Results of the redistricting
Next, McNeill explained the results of the regular 10-year redistricting process for the Florida Legislative Assembly, which divides Jefferson County into Home Districts 7 and 9, the county’s most voters (from Hwy 27 North) being transferred to District 9 with the 2022 elections.
“We will be sending out new voter ID cards in the coming weeks,” McNeill said. “That will tell you which seat you are in.”

Non-partisan races
McNeill then spoke about upcoming races. He pointed out that because school board seats are nonpartisan races, they will be decided in the Aug. 23 primary election.
“If you have two [School Board] candidates, it’s a winner who takes everything in the primary. These are not going in November,” McNeill explained. “Even with races that have more than two candidates, if someone gets 50% of the people who vote plus one vote, they win. There will be no runoff. If they get less than 50% plus one vote, there will be a runoff between the top two candidates in November. »

Elections website
McNeill announced that the Supervisor of Elections website has been updated and is also now compatible with mobile devices. At, Jefferson County residents can register to vote, check their registration status, find information about their precinct, see the names of qualified candidates, request an absentee ballot and more.

Voting System Trends
McNeill then discussed Senate Bill 90, which changed the requirements for voting by mail. ” It’s very useful. It’s very safe. We do advanced FBI training with our signature verification, and there are other things in place to verify who that ballot is from and who actually signed. Postal voting is here to stay.
McNeill noted that a third of voters in the county used the mail-in voting method in 2020, and another third voted early. That left only a third of eligible voters going to the constituencies on Election Day. He predicted that if these trends in voting methods continued, there could be some constituency consolidation, given the costs incurred in creating and staffing constituencies where there would remain, say, only 25 or 30 people to vote.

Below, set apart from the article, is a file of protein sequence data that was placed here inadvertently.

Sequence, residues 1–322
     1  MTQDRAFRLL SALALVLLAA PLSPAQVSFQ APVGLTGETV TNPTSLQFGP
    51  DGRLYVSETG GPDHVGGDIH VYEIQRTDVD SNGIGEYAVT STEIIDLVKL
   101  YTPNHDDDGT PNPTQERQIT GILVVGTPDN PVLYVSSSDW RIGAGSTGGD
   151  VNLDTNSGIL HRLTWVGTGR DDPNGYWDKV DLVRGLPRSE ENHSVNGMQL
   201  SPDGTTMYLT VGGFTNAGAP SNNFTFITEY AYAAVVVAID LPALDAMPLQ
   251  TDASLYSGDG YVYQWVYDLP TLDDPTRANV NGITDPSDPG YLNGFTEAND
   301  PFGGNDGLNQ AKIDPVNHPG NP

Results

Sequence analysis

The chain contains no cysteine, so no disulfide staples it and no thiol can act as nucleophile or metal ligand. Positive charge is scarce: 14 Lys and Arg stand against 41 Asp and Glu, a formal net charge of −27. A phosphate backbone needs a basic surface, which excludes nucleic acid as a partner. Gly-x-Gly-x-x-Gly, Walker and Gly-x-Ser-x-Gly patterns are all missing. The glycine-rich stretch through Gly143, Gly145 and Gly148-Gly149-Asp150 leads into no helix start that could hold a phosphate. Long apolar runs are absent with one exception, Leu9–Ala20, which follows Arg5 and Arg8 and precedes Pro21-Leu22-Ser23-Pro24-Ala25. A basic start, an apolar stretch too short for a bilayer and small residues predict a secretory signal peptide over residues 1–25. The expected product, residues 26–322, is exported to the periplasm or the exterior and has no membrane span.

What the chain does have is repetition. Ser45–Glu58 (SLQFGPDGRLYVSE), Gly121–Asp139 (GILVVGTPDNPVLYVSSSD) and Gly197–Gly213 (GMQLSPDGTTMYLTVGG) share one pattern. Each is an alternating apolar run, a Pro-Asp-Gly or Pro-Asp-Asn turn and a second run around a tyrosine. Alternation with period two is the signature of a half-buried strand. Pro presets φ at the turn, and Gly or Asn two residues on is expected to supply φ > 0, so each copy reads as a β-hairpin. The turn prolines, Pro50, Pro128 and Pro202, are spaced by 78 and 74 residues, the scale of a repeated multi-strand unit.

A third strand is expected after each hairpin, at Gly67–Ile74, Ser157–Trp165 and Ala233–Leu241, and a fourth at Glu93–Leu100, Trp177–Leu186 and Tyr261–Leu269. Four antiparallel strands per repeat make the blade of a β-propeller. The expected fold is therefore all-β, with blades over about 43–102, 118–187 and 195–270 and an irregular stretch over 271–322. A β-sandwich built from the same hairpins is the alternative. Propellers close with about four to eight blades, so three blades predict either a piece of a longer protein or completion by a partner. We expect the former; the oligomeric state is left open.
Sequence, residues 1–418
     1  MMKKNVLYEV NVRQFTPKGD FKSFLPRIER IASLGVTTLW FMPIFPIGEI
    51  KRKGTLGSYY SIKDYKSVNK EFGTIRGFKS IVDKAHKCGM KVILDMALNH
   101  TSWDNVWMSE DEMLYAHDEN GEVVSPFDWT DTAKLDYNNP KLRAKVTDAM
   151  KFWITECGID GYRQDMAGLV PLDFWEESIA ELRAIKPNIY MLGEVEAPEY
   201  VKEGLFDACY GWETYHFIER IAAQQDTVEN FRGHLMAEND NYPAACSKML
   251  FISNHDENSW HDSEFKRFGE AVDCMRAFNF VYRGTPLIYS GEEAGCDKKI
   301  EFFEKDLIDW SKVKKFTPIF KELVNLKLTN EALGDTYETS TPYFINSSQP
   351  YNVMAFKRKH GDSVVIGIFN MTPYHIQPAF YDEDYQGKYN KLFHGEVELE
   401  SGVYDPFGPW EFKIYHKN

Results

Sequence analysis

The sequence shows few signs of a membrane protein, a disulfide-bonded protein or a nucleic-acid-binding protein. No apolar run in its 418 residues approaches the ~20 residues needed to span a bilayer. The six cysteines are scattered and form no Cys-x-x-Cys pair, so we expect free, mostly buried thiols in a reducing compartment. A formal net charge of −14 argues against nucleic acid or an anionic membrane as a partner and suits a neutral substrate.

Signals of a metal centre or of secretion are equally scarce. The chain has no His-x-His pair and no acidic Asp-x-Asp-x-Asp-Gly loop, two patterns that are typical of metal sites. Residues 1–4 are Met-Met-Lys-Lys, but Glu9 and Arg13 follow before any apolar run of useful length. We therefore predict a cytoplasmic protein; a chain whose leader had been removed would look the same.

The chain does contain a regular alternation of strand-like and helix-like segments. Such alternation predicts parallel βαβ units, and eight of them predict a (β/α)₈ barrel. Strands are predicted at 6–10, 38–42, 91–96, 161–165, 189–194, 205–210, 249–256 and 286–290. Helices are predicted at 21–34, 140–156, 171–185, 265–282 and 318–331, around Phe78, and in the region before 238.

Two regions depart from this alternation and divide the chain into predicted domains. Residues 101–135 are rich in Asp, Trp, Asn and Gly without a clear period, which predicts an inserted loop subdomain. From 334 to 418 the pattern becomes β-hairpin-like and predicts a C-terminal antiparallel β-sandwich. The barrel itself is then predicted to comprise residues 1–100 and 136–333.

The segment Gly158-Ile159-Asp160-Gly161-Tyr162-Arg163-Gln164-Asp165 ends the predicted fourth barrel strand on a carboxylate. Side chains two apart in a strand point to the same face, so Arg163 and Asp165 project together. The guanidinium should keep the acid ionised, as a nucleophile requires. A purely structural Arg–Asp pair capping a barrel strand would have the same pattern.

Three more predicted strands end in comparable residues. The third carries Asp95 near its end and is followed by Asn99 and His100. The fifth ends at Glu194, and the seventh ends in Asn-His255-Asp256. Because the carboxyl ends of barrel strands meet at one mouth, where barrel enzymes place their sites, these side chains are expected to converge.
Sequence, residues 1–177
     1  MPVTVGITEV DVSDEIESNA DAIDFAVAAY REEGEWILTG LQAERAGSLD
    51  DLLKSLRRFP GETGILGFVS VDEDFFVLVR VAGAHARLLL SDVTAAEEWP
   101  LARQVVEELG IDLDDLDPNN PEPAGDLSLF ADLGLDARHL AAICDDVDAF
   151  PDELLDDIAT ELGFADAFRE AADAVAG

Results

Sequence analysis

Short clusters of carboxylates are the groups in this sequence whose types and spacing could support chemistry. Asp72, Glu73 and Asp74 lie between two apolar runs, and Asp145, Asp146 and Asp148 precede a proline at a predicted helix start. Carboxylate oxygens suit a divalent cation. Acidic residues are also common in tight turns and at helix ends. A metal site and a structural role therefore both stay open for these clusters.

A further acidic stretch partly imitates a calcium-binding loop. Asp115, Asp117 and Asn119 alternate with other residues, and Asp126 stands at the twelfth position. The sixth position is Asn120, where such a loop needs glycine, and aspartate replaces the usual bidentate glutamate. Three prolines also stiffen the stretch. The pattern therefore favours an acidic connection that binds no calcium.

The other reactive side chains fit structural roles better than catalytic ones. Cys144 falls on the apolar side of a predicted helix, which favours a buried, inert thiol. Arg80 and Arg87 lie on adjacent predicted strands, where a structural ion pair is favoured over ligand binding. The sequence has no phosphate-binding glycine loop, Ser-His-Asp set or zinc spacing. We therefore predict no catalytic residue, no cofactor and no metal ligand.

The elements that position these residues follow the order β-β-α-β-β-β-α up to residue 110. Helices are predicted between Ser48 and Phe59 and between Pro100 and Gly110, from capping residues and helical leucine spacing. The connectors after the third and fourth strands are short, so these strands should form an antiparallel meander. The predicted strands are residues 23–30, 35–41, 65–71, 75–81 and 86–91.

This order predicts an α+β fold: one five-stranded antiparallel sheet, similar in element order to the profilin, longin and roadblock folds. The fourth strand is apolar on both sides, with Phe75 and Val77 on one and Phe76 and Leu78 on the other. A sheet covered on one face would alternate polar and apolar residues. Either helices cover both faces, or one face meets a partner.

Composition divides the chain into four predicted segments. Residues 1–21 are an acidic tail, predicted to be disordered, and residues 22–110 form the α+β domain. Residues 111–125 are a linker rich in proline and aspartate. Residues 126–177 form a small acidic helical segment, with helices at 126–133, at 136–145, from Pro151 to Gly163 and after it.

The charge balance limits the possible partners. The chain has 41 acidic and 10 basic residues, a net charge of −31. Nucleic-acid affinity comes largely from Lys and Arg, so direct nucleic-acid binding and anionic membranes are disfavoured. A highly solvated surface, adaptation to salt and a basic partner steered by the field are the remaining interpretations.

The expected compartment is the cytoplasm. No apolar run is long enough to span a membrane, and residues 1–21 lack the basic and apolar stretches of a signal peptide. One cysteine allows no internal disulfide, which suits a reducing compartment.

“People might have to drive another mile or a mile and a half,” McNeill surmised, if precincts were to be consolidated after the current election. “It would probably be unpopular, but it’s for the best of the county, especially if we continue to see this trend of early voting and mail-in voting.”
In conclusion, McNeill read the list of candidates for every race in 2022 and expressed the hope — apparently a fervent prayer often raised by election supervisors everywhere — that whoever wins will win big.
In response to a recap question, McNeill said he is not running for office because, while in the past he has helped in precincts during election season, the role of election supervisor requires a unique focus 365 days per year.
“It’s neat work, and I think it will be a great job for someone who really wants to do elections all day, every day.” Looking ahead, he is excited to pursue other local opportunities.
For more information on the upcoming election, visit, call (850) 997-3348, or stop by the office at 1175 W. Washington St.